Suppose we want a more peaceful, loving, accepting and functional world. In that case, each person who is able to do so must take personal responsibility for integrating all of their personality traits, especially their shadow traits.

What exactly is Shadow work?

I mentioned Jungian archetypes above, detailing the eight main ones for the purpose of this article on shadow work; the central proposition of shadow work is that we have different parts of ourselves. 

As demonstrated by the archetypes, on the spiritual, esoteric level, an individual is made up of the spirit- this is the highest self, which is often heard as a small quiet voice or inner knowing or feeling that always wants the best for you and tries to guide you to it.

The part of the human being that contains the Shadow also includes all the personality traits that you have built up over this and all your other lifetimes.


Shadow work is the process of finding, understanding, healing, loving, forgiving, accepting and loving the parts of yourself you numb or repressed yourself to because of them being rejected in this lifetime or another by others or yourself.

Regarding your current lifetime, most shadow behaviours are formed from childhood rejection.

In shadow work, the main aim is to accept the sides of yourself you were told were unacceptable. 

Even rage can be channelled into positive self-expression, such as poetry, music, graphic design, dance or anything else that allows you to release this emotion safely.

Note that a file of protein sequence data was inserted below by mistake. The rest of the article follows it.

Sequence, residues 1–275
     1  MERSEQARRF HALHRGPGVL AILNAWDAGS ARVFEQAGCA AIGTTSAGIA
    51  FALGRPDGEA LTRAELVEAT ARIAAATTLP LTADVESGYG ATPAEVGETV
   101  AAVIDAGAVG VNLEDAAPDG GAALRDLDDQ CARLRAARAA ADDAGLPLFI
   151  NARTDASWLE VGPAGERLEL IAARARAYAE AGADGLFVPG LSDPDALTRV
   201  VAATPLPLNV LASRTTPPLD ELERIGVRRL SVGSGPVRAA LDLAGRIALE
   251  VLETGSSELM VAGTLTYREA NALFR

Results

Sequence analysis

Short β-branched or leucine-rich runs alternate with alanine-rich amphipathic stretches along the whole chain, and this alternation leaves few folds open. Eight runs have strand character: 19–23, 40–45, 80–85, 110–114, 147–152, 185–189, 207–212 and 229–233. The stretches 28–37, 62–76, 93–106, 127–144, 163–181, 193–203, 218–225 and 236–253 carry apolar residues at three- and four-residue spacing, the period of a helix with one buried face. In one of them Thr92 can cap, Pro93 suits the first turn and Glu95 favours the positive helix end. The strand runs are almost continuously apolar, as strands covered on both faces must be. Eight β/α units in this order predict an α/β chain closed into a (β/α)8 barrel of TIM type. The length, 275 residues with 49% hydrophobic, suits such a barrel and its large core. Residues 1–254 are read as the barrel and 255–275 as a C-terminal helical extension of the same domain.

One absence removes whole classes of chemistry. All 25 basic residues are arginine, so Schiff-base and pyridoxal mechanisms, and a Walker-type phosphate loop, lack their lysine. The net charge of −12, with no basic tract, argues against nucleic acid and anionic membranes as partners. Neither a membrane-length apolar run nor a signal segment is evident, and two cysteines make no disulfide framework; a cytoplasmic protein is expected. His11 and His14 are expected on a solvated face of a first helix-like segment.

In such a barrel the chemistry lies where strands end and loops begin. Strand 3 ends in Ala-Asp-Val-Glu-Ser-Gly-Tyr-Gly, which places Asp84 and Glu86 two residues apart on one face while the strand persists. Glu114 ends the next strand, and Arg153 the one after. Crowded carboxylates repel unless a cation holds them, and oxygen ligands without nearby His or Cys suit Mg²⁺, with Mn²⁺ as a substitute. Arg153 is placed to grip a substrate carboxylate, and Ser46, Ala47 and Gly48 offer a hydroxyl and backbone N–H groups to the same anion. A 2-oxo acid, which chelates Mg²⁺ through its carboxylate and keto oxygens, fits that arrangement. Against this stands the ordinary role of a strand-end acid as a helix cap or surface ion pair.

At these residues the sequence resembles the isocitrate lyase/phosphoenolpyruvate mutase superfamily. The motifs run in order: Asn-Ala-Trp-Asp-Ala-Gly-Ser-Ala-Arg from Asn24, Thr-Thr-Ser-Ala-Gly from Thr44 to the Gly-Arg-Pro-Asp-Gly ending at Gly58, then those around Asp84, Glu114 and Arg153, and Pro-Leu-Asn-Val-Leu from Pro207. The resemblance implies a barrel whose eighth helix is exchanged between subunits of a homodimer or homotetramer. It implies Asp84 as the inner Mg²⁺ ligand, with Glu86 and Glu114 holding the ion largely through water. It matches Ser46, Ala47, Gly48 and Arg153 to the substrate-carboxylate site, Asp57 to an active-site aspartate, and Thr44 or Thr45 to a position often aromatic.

What are the main goals of shadow work?

The main aim of shadow work is to know yourself on all levels, warts and all and make a deep connection to your inner child and highest self by accepting your lowest self ( shadow traits)

Shadow work helps you make your subconscious – conscious so you’re not fated to repeat your past experiences, embracing the parts of yourself you have hidden from or find unpleasant.

The truth will free you from suffering

The truth sets you free. It’s a very liberating thing when you say this is who I am, warts and all, and then you can just get on with life. It’s amazing. -Geri Halliwell

Knowing your dark side is not a flaw or mistake. In fact, we often need our shadow traits to help us unlock our creativity and avoid toxic behaviours by setting boundaries on what you allow other people and yourself to do to you

Shadow work is needed so that you can love, forgive, accept, have compassion and become aware of yourself on all levels. 

You may not like all that shadow work reveals to you, but it is necessary for total self-approval. 

You can do shadow work on your own, but you may want to seek out the help of a therapist or life coach to help you, as it can be tedious at times and painful to begin with. 


Yet it’s worth it because it leads to you unleashing your innate talents and creativity.

Self-exploration and personal growth are the main themes of shadow work.